Can you share how you began your artistic journey?

I have always been drawn to creativity and art and have been creating things since anyone in my life can remember and have always been supported and encouraged. I have memories of drawing on my childhood home walls and my mum not wanting to cover them up because she loved anything I made (although maybe I was discouraged not to do that). While growing up I have not shied away from any mediums which I think has helped me develop a love and curiosity for making art and finding new ways to express myself.

How did you find your painting style?

Although I am always growing and exploring my style, I believe my artwork revolves around my daily influences and what is affecting me at the time. My granddad is a very well accomplished Indigenous artist, so growing up I looked up to him and the art he would create. He has never seemed to lose his motivation and interest in creating art, which I think has been passed down to me. I enjoy using complimentary colours and using elements in new and unique ways and experimenting with both traditional and more contemporary art techniques. I always want my artwork to catch people’s eye.


Does living in the Northern Rivers influence your approach to your artwork?

Yes. I am surrounded my so many artists of every kind where I live, and the natural environment is rich in many ways which inspires me. The artwork used in the garments were inspired by the elements of the land on which we live and also symbolise many natural aspects. Living in the northern rivers I have access to the sun and rain, mountains and sand and most things in-between so I wanted to show some of that through the pieces and invite others to as well by wearing them.


Can you share the story behind the art and print work created for Kozii’s spring collection?

The artwork I have created for Kozii swimwear is some of my first Indigenous pieces I have created. I mainly wanted to design something that many people can enjoy and appreciate, and to bring recognition and acknowledgment to the Indigenous people and culture that still exists today and to further the reach of contemporary Aboriginal art and design into today’s society. The pieces have symbolism and represent the natural elements of the earth, with a focus on water, hence the name Jabil Collection, meaning “water” in Bundjalung language. I’ve also named some of the prints using Gamilaraay language, which is my personal Indigenous heritage because I wanted to have a connection to the artwork and stories being told throughout them.


What materials did you use to create this collection?

I started by sketching many ideas onto paper then deciding which ones had the best potential to become artwork. I mainly worked digitally as that’s what is needed for the swimwear prints to be created, but using my iPad I am able to create detailed and realistic painting techniques like seen in the soon to be released Gali Mirii print. By working digitally, I am able to use parts of artwork and change them very easily, like colour and size or add or takeaway parts which helps to design more choices for the swimwear. I like to work digitally because of the ease of use and also the many choices and ways I can adjust the designs into exactly what I envision in my mind and convey the story I would like.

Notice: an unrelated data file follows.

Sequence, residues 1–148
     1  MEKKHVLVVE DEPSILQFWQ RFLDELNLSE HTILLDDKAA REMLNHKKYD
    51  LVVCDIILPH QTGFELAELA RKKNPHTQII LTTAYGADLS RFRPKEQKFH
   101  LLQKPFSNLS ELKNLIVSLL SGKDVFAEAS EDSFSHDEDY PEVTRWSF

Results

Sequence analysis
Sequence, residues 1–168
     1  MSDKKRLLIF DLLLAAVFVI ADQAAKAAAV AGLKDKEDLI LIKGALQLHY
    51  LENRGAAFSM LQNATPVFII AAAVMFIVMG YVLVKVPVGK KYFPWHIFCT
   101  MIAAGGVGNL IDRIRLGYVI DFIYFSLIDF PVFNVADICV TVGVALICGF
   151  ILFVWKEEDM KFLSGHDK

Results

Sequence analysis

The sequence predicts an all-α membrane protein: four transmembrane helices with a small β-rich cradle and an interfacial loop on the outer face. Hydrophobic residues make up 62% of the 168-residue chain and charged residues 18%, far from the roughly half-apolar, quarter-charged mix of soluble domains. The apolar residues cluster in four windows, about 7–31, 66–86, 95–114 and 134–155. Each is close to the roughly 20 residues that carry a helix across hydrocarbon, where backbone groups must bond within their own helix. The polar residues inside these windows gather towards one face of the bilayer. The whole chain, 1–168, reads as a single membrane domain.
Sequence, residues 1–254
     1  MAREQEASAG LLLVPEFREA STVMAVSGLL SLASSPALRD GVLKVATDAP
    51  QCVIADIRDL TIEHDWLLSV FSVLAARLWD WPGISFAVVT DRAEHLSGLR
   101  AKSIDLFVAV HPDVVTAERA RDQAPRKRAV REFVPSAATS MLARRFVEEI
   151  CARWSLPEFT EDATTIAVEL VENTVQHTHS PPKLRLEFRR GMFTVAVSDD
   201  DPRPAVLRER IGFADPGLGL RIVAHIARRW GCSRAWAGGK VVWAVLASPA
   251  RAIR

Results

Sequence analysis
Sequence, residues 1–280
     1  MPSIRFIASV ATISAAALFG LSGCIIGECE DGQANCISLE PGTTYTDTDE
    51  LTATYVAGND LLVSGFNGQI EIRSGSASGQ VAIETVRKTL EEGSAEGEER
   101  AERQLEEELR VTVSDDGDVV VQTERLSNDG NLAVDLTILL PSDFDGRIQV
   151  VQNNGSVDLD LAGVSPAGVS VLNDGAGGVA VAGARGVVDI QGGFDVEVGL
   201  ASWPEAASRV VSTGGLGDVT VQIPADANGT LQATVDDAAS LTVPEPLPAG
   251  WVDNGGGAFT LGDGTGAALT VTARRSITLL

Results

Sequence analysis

Can you tell us a bit about the printing process?

Printing artwork the right colour, contrast, size, enough detail etc is always very tricky and usually takes a lot of attempts! Also working at Kozii we use high quality and recycled swimwear fabrics that all react differently to the sublimation process. (This is the process of transferring the ink into the fabrics.)  To produce the same artwork that I am seeing on screen or on paper onto the swimwear we have to use spot colours and precise measurements. This involves me setting up many various samples of the prints each with slight tweaks so the team can decide on the most accurate or best one! Sometimes this process takes a few weeks as the printing process can be a bit unpredictable, and we strive for the best artwork.

What is a usual day in the studio like for you?

I usually grab a coffee with the other girls in the office then go over some notes on what we will be doing today and things to catch up on. At Kozii we also work with many surf clubs around Australia and other parts of the world. This ­­involves testing colours, prints and various garments while working alongside the clubs to achieve their unique and high-quality designs! Then I may start sketching new ideas for upcoming retail prints, while choosing colour palattes and the themes behind the design, while also finalising more refined prints and getting feedback from the creative team.

How does it feel to see you work translated onto swimwear?

Quite surreal. Like I said I’ve always had a passion for art and design and some fashion creation too, so to have the opportunity to create and see my artwork being used for garments and swimwear is awesome. It feels great to know people are enjoying my artwork enough to wear it!


What’s next for Pearl Campbell?

I would love to elevate my art and really find my style and keep working on surface design. Having achieved my diploma of graphic design in 2021 I would also love to expand my portfolio to more typography and print works, and possibly creating designs for the music industry and continuously incorporate my Indigenous artwork into more fashion and digital designs that can be used for future projects.

Photography and editing by Leisa Hale

June 27, 2022